‘I’m screwed’: young adults forced by EU housing crisis to live with parents

<span>Tens of thousands protest in Lisbon last year, calling for more measures to fight the housing crisis in the Portuguese capital.</span><span>Photograph: Gonçalo Fonseca/The Observer</span>
Tens of thousands protest in Lisbon last year, calling for more measures to fight the housing crisis in the Portuguese capital.Photograph: Gonçalo Fonseca/The Observer

When he was growing up, Connor, a young man in Ireland, watched as, one by one, his older siblings moved out of the family home in their early 20s. By the time he reached that age, however, the picture had changed dramatically. Now, in his social circle in Dublin, where rents have doubled since 2013, it has become the norm for people to live with their parents until they are in their mid-20s.

“My friends from college all live with their parents or relatives – it’s not for a lack of ambition, it’s just so expensive. It’s kind of been normalised,” said Connor, who did not want his full name to be published.

The 25-year-old did move out briefly last year – a friend had a room for let – but the steep rent meant Connor quickly returned home. While he and some of his friends are saving for a deposit, high property prices meant others had little hope of doing so on their salaries, he said: “Some say, ‘I’m screwed, I’m going to be living with my parents for ever.’”

Ireland has recorded a steep rise in young adults living with their parents over the pandemic and amid its acute housing crisis. Between 2017 and 2022 – the most recent year data is available for – the proportion of working 25- to 34-year-olds living with their parents rose from 27% to 40%, according to analysis by the EU agency Eurofound.

Ireland’s government says it aims to provide an average of 33,000 new homes each year until 2030, although the NGO Housing Europe has argued this falls short of what is needed. Last August, data showed that Airbnbs outnumbered long-term rentals 14 to 1 in Ireland, and long-awaited regulation of short-term rentals is also in the pipeline.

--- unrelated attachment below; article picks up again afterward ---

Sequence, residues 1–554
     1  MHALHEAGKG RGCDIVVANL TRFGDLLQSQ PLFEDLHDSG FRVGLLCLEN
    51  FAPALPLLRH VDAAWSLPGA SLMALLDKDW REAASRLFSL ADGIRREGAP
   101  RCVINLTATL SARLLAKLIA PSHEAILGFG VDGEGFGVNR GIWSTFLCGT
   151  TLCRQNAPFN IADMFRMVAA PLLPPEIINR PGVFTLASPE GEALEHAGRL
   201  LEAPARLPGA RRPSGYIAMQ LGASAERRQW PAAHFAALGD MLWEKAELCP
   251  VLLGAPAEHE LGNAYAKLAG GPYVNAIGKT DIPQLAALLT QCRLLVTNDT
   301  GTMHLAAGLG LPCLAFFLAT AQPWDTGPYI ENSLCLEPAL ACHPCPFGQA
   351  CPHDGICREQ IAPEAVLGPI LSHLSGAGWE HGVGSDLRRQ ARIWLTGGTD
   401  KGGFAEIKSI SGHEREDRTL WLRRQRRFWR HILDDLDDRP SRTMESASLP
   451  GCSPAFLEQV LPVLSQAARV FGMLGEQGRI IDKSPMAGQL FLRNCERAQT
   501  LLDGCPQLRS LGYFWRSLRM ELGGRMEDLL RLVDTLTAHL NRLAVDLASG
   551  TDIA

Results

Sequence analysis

For now, Connor, who works in tech and pays his parents €500 (£427) a month for his keep, is considering his options. He may stay put and attempt to get a mortgage alone, though he acknowledges that as a young and sole buyer, he will be at a disadvantage competing against older couples with larger deposits.

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Despite the high costs, the latest data priced average rent in new tenancies in Dublin at €2,098, he may also give renting another shot for the independence it offers, if that does not work out. “The [situation] is not ideal – you do want to be independent and looking after yourself. If you’re in a relationship it can be challenging too,” Connor said. “Having your own space is really important to grow.”

‘I feel the system failed me’

In a continent grappling with a housing crisis that is becoming increasingly politically explosive, the increase in young employed adults staying at home with their parents is not unique to Ireland. Eurofound’s analysis showed a rise in several EU countries. In Spain, this rose from 35% to 42% between 2017 and 2022.

Unlike Connor, Laura had lived independently for over a decade until recently, and at 30, thought her days of living with her parents were firmly in the past. But when her contract for her flatshare in Barcelona was terminated last year, she found herself moving in with her father. It was meant to be a short-term solution until she found a place to rent on her own – but half a year has now gone by without her finding a flat.

“I’ve been looking for a flat for six months now with no success,” said Laura, who works in a managerial role. “I’m looking to live on my own for a rent of €1,000. The other day I saw an ad for a €990-a-month flat with no windows. In the ad it said, ‘For those who just want a place to sleep and save money.’”

Laura felt the system was stacked against her generation. “I’m in a privileged situation – I have a degree and a good job – but despite this, I feel the system failed me. I’ve done everything I was meant to do but I can’t even have my independence. All my millennial friends have this feeling – we discuss it a lot.”